This morning was another mix of faith-lifting and difficult. I came across a verse in Deuteronomy 7:14 which read, “You shall be blessed above all peoples. There shall not be male or female barren among you or among your livestock.” Am I not a part of that promise as I have been grafted into the family of God (Romans 11:11-31)? God was speaking to His chosen people, Israel, but hasn’t that continued to all people who serve Him and believe Jesus is the Son of God? Why, then, can I not claim that blessing for myself?
So I prayed, “God, extend that blessing to me! As your daughter, fulfill this promise. Remove my barrenness. Create in me a new womb. Be glorified through the birth of Samuel Ephraim, the name you have given me. Do the medically impossible. Make a way, Lord. Bless my womb that I may be fruitful.”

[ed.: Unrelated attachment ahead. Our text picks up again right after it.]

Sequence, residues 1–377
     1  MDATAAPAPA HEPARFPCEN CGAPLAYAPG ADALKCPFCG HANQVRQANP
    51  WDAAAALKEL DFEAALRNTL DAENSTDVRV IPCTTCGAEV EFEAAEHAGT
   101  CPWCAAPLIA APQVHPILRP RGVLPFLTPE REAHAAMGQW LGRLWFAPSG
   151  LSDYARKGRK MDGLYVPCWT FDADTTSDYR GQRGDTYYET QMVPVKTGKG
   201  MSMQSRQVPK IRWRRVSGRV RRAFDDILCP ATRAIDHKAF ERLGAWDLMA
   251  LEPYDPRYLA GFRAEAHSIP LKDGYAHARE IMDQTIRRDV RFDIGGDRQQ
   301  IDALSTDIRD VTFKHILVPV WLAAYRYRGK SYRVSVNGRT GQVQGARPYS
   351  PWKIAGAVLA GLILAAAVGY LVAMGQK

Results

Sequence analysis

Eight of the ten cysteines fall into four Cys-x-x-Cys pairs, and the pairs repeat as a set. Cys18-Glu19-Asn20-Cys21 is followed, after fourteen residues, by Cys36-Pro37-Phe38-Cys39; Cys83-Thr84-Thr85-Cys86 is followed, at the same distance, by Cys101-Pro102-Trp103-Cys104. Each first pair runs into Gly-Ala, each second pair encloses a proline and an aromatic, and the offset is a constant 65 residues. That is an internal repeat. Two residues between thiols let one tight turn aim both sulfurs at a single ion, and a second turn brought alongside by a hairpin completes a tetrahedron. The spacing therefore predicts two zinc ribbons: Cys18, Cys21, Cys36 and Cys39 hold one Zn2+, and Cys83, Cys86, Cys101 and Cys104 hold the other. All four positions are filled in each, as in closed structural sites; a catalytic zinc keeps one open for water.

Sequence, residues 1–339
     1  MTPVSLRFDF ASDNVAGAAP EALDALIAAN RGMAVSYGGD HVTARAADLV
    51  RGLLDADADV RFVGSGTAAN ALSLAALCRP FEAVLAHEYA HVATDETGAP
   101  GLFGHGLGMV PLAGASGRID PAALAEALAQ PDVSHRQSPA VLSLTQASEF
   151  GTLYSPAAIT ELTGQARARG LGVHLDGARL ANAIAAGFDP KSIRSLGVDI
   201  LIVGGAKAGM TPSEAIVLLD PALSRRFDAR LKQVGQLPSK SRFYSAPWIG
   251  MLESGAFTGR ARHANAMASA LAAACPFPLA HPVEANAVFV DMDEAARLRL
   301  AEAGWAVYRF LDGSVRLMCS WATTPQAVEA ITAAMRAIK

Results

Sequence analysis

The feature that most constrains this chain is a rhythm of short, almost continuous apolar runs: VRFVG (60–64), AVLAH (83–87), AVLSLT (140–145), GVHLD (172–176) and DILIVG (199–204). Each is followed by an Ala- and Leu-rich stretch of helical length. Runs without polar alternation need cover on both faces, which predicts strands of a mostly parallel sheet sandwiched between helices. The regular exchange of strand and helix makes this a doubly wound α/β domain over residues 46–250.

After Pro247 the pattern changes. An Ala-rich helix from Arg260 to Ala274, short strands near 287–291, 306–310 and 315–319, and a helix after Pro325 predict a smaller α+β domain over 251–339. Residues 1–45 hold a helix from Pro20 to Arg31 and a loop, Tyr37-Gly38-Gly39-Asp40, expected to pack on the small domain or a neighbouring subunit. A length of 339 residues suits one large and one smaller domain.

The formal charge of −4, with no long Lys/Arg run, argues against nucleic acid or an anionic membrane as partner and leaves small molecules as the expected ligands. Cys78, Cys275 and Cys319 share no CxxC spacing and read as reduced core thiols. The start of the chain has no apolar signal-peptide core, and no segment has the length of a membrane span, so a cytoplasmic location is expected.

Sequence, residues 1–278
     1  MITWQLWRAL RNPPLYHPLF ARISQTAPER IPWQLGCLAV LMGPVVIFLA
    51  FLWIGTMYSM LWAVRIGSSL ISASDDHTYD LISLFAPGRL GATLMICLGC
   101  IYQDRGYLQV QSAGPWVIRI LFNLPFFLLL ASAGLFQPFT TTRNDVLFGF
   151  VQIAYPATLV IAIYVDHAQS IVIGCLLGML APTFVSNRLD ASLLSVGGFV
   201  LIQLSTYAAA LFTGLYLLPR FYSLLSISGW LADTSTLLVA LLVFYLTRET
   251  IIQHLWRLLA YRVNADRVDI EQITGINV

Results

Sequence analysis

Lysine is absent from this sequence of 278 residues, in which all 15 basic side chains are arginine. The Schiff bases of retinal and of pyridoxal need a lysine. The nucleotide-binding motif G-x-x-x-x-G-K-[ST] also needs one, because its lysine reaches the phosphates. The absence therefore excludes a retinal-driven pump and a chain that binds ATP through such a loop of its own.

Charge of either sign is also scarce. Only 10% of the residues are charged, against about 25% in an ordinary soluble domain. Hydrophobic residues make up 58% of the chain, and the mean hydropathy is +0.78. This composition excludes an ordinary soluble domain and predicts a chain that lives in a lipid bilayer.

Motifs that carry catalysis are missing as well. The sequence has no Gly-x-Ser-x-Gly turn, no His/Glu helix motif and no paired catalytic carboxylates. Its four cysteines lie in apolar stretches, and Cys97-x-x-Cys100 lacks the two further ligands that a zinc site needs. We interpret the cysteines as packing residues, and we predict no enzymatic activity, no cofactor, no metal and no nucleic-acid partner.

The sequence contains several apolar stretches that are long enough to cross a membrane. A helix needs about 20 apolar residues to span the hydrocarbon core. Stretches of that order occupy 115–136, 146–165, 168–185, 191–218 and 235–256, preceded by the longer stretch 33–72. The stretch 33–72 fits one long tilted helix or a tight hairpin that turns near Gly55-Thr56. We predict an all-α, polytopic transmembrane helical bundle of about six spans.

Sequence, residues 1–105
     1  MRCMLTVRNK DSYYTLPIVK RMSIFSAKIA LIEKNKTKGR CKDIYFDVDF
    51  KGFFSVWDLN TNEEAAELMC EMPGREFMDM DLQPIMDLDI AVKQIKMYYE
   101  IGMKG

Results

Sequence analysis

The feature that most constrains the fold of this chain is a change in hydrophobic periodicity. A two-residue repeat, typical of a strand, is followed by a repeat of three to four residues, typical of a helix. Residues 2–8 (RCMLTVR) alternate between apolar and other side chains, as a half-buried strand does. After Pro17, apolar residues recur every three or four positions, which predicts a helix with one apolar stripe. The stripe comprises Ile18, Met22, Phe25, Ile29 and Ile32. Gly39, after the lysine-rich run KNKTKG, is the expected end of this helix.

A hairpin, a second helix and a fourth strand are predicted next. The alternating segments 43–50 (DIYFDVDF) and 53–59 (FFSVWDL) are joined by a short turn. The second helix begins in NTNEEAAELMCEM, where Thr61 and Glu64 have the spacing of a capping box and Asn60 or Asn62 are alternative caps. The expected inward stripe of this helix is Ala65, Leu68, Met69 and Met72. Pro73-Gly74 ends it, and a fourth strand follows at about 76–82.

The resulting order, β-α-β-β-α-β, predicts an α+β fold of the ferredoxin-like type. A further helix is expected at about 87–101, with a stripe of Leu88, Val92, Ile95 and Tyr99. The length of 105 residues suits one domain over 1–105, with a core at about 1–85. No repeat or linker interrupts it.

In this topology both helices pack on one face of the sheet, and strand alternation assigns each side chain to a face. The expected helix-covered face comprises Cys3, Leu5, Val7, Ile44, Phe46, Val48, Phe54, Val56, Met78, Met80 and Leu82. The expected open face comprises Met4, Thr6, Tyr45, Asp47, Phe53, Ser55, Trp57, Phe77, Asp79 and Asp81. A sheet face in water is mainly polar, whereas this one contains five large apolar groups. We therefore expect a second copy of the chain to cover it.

Then, as I was driving to work, the image of myself carrying little Samuel came in my head. I was eating healthier, determined to give this baby a healthy diet. I was also reading to him the Word of God out loud. I was praying motherly blessings over him, and asking God to give him a steadfast heart after Him. And I wept.
I am encouraged every time I hear about barren or infertile women becoming pregnant when science says it shouldn’t be so. I have started a list of biblical women or couples who were barren but bore children: Sarah (Genesis 21), Isaac and Rebecca (Genesis 25:21), Jacob and Rachel (Genesis 30:22), Manoah and his wife—Sampson’s parents—(Judges 13), Hannah—Samuel’s mother—(1 Samuel 1). I even know some friends and family that have bore children despite impossible medical explanations. Who cares what science and medicine says, and that may make me crazy. I serve the one who is Lord over all of science and medicine. Jesus said, “With man this is impossible, but with God all things are possible.” (Matthew 19:26, emphasis added.) You know what—I’m crazy enough to believe Him.
You alone, Lord, are my healer!